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Long-Term Reference

While I’m reading my stack of books from the library, I start keeping my eyes out for books I will want to give a permanent place on my shelves. I check online and brick-and-mortar bookstores, but also search thrift stores, used bookstores, library book sales, garage sales, wherever I happen to find myself in the presence of books.

My goal is a collection of reference manuals and top books that I will come back to either to answer thorny questions or to refresh my knowledge as I put new skills into practice. And to do this cheaply and quickly.

2. Practice

Putting new knowledges into practice helps us develop better understandings now and remember more later. Although a lot of books offer exercises and self-tests, I prefer to jump right in and build something: a website, an essay, a desk, whatever.

A great way to put any new body of knowledge into action is to start a blog on it — put it out there for the world to see and comment on.

Just don’t lock your learning up in your head where nobody ever sees how much you know about something, and you never see how much you still don’t know.

3. Network

One of the most powerful sources of knowledge and understanding in my life have been the social networks I have become embedded in over the years — the websites I write on, the LISTSERV I belong to, the people I talk with and present alongside at conferences, my colleagues in the department where I studied and the department where I now teach, and so on.

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These networks are crucial to extending my knowledge in areas I am already involved, and for referring me to contacts in areas where I have no prior experience. Joining an email list, emailing someone working in the field, asking colleagues for recommendations, all are useful ways of getting a foothold in a new field.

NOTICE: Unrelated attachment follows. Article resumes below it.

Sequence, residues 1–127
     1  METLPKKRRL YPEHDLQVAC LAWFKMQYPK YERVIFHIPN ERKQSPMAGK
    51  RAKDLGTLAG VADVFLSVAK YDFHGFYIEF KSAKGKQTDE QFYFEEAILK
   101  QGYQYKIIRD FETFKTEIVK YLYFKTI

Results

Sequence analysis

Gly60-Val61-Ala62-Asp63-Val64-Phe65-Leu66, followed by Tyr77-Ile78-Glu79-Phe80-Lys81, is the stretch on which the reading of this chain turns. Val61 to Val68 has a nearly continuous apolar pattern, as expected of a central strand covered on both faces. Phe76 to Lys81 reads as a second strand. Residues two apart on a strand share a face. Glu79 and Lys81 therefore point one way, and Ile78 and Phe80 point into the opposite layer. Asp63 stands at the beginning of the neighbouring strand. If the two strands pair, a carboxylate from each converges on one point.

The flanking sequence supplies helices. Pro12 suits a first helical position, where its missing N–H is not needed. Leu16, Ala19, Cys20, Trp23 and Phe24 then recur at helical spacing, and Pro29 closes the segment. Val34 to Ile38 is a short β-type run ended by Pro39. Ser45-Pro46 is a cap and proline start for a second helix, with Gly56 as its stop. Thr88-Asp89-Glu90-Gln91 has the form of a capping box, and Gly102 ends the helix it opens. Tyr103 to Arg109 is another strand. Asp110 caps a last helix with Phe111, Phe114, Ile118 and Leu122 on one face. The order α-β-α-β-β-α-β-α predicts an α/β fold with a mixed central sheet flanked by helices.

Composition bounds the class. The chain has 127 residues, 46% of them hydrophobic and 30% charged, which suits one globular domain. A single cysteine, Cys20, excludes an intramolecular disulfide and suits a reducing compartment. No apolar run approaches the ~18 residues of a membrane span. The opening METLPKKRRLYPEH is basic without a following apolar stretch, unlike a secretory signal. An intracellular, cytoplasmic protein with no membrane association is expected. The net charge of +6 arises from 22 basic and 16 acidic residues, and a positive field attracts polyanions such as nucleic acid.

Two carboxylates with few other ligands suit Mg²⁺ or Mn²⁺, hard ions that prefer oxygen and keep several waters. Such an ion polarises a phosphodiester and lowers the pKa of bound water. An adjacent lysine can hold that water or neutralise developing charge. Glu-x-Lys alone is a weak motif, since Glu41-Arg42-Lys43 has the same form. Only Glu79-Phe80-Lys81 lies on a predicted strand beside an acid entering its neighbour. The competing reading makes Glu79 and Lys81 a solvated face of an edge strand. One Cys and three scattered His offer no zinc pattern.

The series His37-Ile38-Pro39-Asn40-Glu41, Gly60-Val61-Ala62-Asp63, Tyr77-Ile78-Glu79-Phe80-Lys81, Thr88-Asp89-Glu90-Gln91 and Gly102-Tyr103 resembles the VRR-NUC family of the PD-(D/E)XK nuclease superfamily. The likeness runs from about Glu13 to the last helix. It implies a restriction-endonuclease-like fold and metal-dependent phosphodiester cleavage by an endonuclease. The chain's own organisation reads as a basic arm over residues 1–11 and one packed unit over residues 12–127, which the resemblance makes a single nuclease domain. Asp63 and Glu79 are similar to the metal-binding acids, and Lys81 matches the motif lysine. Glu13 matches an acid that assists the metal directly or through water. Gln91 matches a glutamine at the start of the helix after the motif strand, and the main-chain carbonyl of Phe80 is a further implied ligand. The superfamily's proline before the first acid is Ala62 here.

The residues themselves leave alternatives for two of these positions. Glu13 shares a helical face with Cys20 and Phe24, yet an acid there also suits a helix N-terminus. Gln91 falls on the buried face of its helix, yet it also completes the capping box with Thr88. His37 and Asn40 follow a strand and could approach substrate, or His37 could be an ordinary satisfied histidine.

Networking also allows you to test your newly-acquired knowledge against others’ understandings, giving you a chance to grow and further develop.

4. Schedule

For anything more complex than a simple overview, it pays to schedule time to commit to learning. Having the books on the shelf, the top websites bookmarked, and a string of contacts does no good if you don’t give yourself time to focus on reading, digesting, and implementing your knowledge.

Give yourself a deadline, even if there is no externally imposed time limit, and work out a schedule to reach that deadline.

Final Thoughts

In a sense, even formal education is a form of self-guided learning — in the end, a teacher can only suggest and encourage a path to learning, at best cutting out some of the work of finding reliable sources to learn from.

If you’re already working, or have a range of interests beside the purely academic, formal instruction may be too inconvenient or too expensive to undertake. That doesn’t mean you have to set aside the possibility of learning, though; history is full of self-taught successes.

At its best, even a formal education is meant to prepare you for a life of self-guided learning; with the power of the Internet and the mass media at our disposal, there’s really no reason not to follow your muse wherever it may lead.

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Featured photo credit: Priscilla Du Preez via unsplash.com